How Much Does a Boat Slip Cost?
For most boaters, cost plays a role in deciding where to keep your boat. While we would all love the convenience of walking down the dock and stepping aboard, boat slips can come with a hefty price tag attached. In this article we’re going to take a look at what you can expect to pay for a boat slip as well as offer some tips on how you might be able to find a more affordable slip in your area.
Why are boat slips so expensive?
Boat slips are priced based on supply and demand. Anyone who has priced waterfront real estate knows it’s expensive. There isn’t a lot of it and people are willing to pay up for it. While important for boaters, docks and marinas are just one of many potential uses for waterfront real estate. Owners of waterfront land have to weigh their options when considering developing it, with a marina being one of many potentially profitable ventures.
Cost factors aside, there are other restrictions in place that inhibit the development of additional marinas to cater to the ever growing number of boaters. Waterfront land is almost always ecologically sensitive which limits the type of development permitted by local ordinances. Specific to marinas, there are also concerns about the environmental impact of a marina compared to less impactful options which prevent them from being built. In short, a limited number of existing slips are being utilized by an ever increasing number of boat owners causing prices to rise and regulations and land value inhibit the development of more marinas to meet growing demand.
How are boat slips priced?
Boat slip pricing takes two forms, annual and transient. Since we’re looking at long term ownership costs for your vessel we’re going to focus on annual slips. Transient slips and their pricing is often higher since boats utilizing a marina’s transient slips are often cruisers only utilizing the slip for a few days or weeks. A slip that you keep your boat in year round or in the case of regions where winter haul-outs are common, seasonally, is usually priced by vessel length and billed monthly. So to throw out a quick example, a 40 foot boat may be utilizing a slip that costs $20 per foot and billed $800 a month.
Unfortunately for us boat owners, you’re often billed by the length of the slip your boat uses rather than by the length of your boat itself. So in the above example a 38 foot boat docked in a 40 foot slip is still being billed $800 a month.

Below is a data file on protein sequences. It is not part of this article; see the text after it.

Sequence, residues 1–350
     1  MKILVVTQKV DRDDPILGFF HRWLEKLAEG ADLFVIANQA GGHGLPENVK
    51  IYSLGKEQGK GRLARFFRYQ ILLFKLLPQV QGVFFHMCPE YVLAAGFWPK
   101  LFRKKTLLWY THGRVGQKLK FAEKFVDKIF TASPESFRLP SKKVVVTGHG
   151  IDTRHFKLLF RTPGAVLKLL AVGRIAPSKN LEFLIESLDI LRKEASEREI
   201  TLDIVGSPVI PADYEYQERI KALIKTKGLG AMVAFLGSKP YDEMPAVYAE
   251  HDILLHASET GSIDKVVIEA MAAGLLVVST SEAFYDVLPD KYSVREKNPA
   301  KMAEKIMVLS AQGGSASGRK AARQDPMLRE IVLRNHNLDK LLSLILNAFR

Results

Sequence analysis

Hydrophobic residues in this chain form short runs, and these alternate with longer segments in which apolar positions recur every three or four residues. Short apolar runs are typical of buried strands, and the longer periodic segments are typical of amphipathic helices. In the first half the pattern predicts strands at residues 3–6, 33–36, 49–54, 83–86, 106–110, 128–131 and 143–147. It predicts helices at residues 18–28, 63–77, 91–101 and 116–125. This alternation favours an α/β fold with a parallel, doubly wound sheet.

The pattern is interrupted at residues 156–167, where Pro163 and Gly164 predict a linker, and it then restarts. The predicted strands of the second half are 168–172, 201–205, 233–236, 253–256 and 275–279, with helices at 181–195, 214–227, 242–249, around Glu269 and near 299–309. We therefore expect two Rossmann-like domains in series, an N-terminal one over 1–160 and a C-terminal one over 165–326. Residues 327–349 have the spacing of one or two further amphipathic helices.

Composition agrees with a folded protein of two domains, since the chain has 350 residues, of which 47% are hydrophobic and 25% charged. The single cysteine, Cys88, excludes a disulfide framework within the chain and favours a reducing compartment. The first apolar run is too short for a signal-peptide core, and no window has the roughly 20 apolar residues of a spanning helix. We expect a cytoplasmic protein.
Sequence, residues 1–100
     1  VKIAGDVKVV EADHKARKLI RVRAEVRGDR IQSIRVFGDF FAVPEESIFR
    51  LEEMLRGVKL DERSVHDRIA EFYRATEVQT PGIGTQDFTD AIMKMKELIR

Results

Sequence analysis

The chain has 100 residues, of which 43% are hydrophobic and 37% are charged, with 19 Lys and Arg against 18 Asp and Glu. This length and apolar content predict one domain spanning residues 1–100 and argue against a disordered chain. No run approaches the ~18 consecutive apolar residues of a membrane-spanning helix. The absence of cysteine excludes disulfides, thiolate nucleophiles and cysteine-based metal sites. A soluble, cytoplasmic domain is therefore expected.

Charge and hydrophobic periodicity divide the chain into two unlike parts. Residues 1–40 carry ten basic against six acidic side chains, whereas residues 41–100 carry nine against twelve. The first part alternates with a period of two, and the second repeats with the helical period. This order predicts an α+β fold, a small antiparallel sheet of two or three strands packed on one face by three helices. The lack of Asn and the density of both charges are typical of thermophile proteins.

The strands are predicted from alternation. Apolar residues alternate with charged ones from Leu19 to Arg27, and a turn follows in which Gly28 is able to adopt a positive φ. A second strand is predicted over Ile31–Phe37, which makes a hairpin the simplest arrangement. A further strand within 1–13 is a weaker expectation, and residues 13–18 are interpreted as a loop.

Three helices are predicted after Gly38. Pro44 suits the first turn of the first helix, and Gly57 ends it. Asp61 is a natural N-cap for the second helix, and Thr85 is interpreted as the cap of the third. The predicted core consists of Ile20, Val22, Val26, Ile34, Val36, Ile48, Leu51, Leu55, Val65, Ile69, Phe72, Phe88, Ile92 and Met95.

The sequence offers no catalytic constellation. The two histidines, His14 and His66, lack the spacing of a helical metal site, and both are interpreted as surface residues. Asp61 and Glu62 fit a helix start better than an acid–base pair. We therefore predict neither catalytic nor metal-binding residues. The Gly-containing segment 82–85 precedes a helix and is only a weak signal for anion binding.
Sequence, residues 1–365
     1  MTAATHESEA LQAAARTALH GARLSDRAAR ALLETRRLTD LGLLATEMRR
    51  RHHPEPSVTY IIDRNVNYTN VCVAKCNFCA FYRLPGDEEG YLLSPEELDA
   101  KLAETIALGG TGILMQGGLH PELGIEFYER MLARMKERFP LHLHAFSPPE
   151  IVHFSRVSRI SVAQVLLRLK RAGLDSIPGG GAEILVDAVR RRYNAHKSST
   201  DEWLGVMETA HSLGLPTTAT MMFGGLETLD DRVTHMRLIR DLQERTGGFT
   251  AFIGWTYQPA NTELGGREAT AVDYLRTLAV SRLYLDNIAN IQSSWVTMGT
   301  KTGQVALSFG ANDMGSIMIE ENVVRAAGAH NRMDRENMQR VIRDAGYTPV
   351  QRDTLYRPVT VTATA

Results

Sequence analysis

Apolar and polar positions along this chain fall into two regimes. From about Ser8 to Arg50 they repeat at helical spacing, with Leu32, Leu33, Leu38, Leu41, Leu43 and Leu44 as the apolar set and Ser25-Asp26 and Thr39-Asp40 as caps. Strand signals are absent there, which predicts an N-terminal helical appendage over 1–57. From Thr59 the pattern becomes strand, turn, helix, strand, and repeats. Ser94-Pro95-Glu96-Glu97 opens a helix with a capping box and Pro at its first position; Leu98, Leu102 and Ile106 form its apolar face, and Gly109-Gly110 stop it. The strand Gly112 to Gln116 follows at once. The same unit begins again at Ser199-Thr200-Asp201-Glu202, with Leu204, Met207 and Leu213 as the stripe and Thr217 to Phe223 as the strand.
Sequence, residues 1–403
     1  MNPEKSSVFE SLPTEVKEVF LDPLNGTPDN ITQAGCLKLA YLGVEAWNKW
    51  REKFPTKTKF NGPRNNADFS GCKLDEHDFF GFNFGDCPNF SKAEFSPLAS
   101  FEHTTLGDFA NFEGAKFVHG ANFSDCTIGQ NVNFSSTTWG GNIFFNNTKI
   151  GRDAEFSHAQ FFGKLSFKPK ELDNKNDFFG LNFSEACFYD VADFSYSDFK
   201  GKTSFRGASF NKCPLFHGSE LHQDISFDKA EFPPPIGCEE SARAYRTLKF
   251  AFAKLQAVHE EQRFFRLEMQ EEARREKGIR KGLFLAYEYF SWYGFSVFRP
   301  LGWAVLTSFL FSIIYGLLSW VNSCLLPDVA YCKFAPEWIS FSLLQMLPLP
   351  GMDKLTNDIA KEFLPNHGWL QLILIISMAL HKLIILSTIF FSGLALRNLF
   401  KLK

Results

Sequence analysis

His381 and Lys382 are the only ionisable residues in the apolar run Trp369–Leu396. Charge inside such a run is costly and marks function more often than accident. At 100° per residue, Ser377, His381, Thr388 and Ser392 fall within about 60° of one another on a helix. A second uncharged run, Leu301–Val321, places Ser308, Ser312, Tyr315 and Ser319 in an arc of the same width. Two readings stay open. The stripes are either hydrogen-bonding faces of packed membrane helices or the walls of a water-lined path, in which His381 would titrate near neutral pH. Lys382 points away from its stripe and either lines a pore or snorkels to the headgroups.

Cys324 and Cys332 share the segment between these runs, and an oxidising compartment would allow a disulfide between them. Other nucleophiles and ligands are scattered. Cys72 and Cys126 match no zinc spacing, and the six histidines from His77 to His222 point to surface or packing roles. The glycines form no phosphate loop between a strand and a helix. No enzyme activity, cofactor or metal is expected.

When it comes to pricing some marinas also vary in how you’re using your slip. A boat owner who lives aboard their vessel can expect to pay a premium as they’re likely to use more water and electricity. And some marinas may tack on additional charges for things like pump outs, fresh water use, etc. while others include them in your slip’s monthly bill.
What does a slip cost?
Well, it depends. Location plays a major factor in what a slip for your boat will cost. Nationally prices vary significantly by region with Florida, the North East, and California having the most expensive slips while some areas along the Gulf Coast and in the South East offer more affordable slips. However, you’re not likely to relocate your boat and life just to save a few bucks a month on a slip. That however doesn’t mean slip prices are fixed locally. Even in a single city or region the price of a slip can vary significantly with slips at downtown marinas often commanding a location based premium.
For a good comparison of slip costs within a city, put together this graph that Chula Vista Marina in San Diego shows slip prices in the San Diego area and even if you don’t live there, it makes seeing how slips are priced easy.
So, how much does a boat slip cost? A general rule of thumb is to budget $20 to $30 per foot per month for your boat’s slip. Remember that slip sizes are fixed and may not exactly match up to the length of your boat and that most marinas will charge by the slip length you’re using rather than the length of your boat.
Are there less expensive marinas? Absolutely. As mentioned earlier, location plays a big role. Some areas are simply cheaper overall while other marinas in generally expensive areas might offer more affordable slips because they’re in less desirable areas.
Boat Slip Shopping 101
Availability – Slips are in short supply and many desirable marinas have multi-year long waitlists of boaters waiting for an availability.
Security – What security exists at the marina to prevent unauthorized access to your vessel while it's docked?
Work policy – Does the marina allow outside service professionals? Many marinas have a select list of approved service providers, which can limit your options for maintenance.
Marina conditions – Ask marina staff what kind of conditions are prevalent. Things like large tidal swings and strong currents can affect docking.